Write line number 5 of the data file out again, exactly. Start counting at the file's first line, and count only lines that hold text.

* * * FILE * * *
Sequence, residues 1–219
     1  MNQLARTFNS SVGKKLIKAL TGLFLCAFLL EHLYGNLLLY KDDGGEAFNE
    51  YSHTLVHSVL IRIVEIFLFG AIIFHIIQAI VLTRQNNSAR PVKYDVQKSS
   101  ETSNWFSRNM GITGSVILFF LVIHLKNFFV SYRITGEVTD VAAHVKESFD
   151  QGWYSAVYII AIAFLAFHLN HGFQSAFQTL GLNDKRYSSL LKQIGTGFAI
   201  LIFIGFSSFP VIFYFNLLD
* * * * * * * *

   151  QGWYSAVYII AIAFLAFHLN HGFQSAFQTL GLNDKRYSSL LKQIGTGFAI